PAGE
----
When California Institute of Technology (Caltech) officials decided to renovate an elegant Spanish Colonial Revival laboratory building and make it into a center for climate-change research, they were determined to create a facility that reflected the ideals of its occupants. For the Linde Center for Global Environmental Science, they decided to go beyond LEED Gold certification, the campus standard for new construction. They set their sights on Platinum, a level of certification that the designers maintain is unprecedented for the rehabilitation of a historic laboratory building.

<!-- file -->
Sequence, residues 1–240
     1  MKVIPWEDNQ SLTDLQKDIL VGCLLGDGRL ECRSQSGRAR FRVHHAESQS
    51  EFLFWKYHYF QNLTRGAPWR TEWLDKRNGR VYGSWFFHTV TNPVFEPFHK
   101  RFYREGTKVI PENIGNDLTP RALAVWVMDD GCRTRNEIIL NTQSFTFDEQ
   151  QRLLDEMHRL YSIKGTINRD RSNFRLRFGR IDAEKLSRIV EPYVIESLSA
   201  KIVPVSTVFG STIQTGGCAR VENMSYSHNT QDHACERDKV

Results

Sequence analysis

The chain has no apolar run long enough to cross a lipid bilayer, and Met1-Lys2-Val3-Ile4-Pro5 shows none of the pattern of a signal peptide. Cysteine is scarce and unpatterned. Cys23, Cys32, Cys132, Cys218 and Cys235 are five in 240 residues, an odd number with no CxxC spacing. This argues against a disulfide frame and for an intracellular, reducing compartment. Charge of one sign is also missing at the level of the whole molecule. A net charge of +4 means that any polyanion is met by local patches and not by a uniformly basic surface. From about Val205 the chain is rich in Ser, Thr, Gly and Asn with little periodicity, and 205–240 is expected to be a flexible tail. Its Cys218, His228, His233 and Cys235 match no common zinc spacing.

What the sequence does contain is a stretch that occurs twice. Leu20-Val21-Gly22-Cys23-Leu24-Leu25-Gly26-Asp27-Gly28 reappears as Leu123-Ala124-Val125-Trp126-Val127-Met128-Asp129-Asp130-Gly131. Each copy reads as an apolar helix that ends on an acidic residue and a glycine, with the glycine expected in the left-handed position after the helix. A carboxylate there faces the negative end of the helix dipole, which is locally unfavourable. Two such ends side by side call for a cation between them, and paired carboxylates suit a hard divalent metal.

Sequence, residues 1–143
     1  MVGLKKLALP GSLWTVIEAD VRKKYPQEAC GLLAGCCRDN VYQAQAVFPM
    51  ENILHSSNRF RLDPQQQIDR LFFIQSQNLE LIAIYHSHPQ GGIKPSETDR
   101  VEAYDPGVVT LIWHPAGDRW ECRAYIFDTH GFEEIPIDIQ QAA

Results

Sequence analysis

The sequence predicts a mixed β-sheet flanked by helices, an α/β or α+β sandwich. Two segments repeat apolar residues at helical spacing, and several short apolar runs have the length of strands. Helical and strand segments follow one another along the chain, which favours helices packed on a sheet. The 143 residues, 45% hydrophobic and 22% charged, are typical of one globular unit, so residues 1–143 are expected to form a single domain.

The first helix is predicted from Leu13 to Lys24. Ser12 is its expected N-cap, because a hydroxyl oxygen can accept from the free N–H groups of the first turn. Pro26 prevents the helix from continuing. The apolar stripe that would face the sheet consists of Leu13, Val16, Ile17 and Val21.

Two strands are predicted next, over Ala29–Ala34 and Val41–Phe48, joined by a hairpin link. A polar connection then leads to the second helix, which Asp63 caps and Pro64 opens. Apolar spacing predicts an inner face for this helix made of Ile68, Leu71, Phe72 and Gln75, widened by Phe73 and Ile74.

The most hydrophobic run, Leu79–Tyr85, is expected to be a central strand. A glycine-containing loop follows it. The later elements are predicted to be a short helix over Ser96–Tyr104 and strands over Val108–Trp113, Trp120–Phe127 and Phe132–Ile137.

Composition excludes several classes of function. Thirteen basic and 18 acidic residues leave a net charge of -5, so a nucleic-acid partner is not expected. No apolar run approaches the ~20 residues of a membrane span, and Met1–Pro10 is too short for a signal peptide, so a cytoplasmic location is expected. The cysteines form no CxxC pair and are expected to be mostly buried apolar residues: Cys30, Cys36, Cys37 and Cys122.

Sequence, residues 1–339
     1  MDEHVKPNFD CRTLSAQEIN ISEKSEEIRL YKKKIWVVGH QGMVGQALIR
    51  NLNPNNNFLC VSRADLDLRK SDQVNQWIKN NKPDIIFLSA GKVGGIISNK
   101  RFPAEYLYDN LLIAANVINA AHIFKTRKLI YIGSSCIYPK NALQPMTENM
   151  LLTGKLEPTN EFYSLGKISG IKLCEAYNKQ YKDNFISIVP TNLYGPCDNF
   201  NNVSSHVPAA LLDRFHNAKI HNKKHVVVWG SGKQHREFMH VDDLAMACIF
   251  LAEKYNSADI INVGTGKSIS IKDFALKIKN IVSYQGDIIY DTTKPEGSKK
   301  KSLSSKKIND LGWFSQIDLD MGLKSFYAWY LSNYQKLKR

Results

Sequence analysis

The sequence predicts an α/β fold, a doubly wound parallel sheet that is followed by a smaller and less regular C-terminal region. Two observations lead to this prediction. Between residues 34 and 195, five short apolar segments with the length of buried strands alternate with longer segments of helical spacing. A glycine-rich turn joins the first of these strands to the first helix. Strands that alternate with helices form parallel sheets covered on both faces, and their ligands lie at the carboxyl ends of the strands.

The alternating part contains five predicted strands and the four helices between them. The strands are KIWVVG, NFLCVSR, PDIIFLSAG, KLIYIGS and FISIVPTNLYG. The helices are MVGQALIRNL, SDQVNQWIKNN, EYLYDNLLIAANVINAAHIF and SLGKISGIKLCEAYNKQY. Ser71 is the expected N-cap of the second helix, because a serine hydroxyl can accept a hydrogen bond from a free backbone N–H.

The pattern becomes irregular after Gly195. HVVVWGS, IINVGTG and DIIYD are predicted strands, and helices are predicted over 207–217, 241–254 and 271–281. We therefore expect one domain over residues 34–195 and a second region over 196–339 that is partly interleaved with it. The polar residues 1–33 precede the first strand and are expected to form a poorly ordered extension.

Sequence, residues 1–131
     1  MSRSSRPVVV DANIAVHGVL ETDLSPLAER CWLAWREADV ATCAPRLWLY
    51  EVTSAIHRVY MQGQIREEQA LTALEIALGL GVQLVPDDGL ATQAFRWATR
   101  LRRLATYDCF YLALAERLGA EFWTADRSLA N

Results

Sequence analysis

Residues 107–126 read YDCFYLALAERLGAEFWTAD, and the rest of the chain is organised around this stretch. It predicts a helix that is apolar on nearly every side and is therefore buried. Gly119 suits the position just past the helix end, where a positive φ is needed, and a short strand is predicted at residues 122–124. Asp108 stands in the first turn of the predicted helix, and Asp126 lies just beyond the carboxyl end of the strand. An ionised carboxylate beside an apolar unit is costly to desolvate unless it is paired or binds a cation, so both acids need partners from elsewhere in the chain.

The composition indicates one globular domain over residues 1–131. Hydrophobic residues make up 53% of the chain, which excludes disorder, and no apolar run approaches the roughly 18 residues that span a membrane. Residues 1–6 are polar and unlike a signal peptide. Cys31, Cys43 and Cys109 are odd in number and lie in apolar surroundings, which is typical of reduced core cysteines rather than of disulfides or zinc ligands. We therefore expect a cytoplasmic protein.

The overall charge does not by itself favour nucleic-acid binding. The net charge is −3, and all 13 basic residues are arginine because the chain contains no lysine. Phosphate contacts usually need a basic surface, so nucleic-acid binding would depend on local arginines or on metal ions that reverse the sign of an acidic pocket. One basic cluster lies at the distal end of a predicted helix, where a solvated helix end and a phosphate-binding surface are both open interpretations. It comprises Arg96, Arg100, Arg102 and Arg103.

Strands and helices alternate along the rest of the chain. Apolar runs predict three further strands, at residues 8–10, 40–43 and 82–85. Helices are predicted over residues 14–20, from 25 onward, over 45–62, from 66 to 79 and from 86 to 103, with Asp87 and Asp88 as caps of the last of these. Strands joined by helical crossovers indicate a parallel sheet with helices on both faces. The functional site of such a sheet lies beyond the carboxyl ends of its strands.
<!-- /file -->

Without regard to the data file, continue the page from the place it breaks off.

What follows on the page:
The $25 million project, completed in January 2012, preserves the character and fundamental organization of the 45,000-square-foot former home of the university's astronomers and astrophysicists, with its two stories of public spaces and faculty offices above three levels of below-grade laboratories. The 1932 structure designed by Mayers, Murray & Phillip, a successor firm to Goodhue Associates (the architect responsible for many of the buildings on Caltech's predominantly Mission-style Pasadena campus), now serves as a model of energy efficiency.